Fluoride can alter the formation of mineralized tissues, including enamel, dentin, and bone. Dentin fluorosis occurs in tandem with enamel fluorosis. However, the pathogenesis of dentin fluorosis and its mechanisms are poorly understood. In this study, we report the effects of fluoride on the initiation of dentin matrix formation and
Protective effect of lycopene on fluoride-induced ameloblasts apoptosis and dental fluorosis through oxidative stress-mediated Caspase pathways
Fluoride is an environmental toxicant and induces dental fluorosis and oxidative stress. Lycopene (LYC) is an effective antioxidant that is reported to attenuate fluoride toxicity. To determine the effects of LYC on sodium fluoride (NaF) -induced teeth and ameloblasts toxicity, rats were treated with NaF (10 mg/kg) and/or LYC (10 mg/kg) by
Fluoride Alters Klk4 Expression in Maturation Ameloblasts through Androgen and Progesterone Receptor Signaling.
Fluorosed maturation stage enamel is hypomineralized in part due to a delay in the removal of matrix proteins to inhibit final crystal growth. The delay in protein removal is likely related to reduced expression of kallikrein-related peptidase 4 (KLK4), resulting in a reduced matrix proteinase activity that found in fluorosed
Related Studies :
Mechanisms by Which Fluoride Causes Dental Fluorosis Remain Unknown
When it comes to how fluoride impacts human health, no tissue in the body has been studied more than the teeth. Yet, despite over 50 years of research, the mechanism by which fluoride causes dental fluorosis (a hypo-mineralization of the enamel that results in significant staining of the teeth) is not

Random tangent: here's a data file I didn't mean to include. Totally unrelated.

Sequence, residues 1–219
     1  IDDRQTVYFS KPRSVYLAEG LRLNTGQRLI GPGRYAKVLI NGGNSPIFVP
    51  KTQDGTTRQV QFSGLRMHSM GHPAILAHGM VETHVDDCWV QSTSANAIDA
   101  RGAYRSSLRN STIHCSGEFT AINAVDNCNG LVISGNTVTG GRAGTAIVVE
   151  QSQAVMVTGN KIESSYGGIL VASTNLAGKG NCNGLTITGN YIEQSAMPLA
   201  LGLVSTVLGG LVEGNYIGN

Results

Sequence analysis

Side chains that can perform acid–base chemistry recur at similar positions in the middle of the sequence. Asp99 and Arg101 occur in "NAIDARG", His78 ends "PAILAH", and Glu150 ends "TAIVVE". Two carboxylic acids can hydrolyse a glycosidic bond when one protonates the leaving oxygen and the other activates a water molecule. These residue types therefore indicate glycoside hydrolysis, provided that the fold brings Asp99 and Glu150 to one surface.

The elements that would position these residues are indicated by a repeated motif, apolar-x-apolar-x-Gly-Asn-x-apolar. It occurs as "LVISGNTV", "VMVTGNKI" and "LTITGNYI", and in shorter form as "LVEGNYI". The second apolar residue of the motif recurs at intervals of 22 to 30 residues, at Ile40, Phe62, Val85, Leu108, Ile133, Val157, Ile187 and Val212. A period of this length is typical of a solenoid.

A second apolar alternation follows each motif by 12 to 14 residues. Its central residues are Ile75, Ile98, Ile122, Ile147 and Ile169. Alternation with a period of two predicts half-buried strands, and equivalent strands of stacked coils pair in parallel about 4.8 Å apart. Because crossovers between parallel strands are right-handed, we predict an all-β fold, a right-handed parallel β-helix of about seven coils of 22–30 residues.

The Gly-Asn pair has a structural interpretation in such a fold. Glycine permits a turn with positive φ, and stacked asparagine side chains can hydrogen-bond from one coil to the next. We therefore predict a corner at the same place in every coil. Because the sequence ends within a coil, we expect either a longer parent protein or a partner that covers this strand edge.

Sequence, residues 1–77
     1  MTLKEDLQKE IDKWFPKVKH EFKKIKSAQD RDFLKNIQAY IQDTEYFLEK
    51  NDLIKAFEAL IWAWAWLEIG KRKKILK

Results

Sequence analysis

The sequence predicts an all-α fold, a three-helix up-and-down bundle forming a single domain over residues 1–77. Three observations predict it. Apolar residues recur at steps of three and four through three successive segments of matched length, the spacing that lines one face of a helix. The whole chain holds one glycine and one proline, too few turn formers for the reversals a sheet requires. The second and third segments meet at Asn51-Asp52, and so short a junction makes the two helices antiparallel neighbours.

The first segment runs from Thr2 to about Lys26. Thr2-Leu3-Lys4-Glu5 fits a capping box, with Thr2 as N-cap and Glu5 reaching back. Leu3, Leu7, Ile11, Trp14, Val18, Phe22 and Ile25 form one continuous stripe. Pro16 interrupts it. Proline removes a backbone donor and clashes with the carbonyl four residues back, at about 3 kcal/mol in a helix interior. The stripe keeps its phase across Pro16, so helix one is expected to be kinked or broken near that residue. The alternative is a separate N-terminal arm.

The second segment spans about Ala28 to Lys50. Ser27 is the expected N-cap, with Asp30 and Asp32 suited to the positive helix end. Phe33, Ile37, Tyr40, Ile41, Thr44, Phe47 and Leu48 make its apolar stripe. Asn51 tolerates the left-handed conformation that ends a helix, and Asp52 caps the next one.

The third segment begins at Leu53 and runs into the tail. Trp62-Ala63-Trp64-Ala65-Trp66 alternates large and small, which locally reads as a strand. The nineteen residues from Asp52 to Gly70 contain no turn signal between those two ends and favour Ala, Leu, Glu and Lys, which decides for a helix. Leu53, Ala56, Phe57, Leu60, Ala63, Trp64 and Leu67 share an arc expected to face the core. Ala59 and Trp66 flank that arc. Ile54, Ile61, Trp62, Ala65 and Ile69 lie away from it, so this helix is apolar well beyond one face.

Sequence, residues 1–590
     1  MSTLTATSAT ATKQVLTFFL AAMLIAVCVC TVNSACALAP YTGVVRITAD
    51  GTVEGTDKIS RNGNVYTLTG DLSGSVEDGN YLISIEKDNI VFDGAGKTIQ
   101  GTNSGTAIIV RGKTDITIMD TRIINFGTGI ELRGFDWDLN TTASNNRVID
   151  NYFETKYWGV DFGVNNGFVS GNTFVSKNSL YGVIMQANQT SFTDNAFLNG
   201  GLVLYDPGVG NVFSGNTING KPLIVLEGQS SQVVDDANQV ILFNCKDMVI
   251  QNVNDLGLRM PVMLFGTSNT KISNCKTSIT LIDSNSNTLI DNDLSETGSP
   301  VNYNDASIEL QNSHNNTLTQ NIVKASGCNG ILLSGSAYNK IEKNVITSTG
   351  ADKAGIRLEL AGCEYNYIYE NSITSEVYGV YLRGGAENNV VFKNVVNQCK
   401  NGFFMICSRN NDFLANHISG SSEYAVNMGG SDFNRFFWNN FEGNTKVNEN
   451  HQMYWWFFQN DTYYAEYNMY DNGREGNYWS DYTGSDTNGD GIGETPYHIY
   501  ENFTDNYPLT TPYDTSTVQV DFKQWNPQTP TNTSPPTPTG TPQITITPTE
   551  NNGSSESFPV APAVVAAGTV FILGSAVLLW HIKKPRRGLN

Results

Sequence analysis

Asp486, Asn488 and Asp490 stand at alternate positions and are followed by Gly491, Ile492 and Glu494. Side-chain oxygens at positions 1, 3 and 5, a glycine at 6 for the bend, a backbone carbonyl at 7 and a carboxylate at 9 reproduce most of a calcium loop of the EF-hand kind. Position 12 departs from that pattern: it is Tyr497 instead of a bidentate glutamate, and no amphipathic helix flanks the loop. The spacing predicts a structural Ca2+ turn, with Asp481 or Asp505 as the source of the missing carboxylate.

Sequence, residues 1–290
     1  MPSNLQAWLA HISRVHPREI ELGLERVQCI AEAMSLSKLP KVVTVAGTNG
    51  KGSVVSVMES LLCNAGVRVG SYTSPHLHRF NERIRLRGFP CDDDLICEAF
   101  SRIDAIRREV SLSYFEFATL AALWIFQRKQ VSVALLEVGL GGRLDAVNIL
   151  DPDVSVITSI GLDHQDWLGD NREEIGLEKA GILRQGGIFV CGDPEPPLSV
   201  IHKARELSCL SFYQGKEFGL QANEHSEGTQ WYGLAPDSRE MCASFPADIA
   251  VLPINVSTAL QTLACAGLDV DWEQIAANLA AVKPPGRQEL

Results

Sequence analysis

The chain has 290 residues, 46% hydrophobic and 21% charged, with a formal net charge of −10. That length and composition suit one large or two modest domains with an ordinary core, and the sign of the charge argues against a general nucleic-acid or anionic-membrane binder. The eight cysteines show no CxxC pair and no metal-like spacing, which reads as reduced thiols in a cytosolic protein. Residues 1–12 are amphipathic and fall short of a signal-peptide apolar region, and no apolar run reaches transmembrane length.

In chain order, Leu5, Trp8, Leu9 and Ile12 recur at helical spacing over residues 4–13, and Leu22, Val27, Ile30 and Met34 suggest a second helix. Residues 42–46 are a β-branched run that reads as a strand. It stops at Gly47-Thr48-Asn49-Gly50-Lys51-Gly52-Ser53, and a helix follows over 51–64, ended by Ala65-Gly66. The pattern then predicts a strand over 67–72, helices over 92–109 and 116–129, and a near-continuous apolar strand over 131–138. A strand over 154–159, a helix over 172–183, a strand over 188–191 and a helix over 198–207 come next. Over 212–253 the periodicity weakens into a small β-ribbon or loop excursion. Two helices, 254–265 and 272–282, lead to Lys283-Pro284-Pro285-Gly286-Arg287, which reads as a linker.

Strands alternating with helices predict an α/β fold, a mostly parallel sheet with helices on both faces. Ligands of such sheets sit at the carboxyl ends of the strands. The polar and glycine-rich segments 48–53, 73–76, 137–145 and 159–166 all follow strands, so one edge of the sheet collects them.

Dental Fluorosis Is a "Hypo-mineralization" of Enamel
Teeth with fluorosis have an increase in porosity in the subsurface enamel ("hypomineralization"). The increased porosity of enamel found in fluorosis is a result of a fluoride-induced impairment in the clearance of proteins (amelogenins) from the developing teeth. Despite over 50 years of research, the exact mechanism by which fluoride impairs amelogin
Dental Fluorosis in the U.S. 1950-2004
Before the widespread use of fluoride in dentistry, dental fluorosis was rarely found in western countries. Today, with virtually every toothpaste now containing fluoride, and most U.S. water supplies containing fluoride chemicals, dental fluorosis rates have reached unprecedented levels. In the 1950s, it was estimated that only 10% of children in
"Mild" Dental Fluorosis: Perceptions & Psychological Impact
The vast majority of research has found that patients, parents, and the general public alike view mild fluorosis (TF score 3) as a significant blemish of the teeth, one that is likely to embarrass the affected child to a degree that cosmetic treatment would be warranted.
Diagnostic Criteria for Dental Fluorosis: The TSIF ("Total Surface Index of Fluorosis")
The traditional criteria (the "Dean Index") for diagnosing dental fluorosis was developed in the first half of the 20th century by H. Trendley Dean. While the Dean Index is still widely used in surveys of fluorosis -- including the CDC's national surveys of fluorosis in the United States -- dental
Related FAN Content :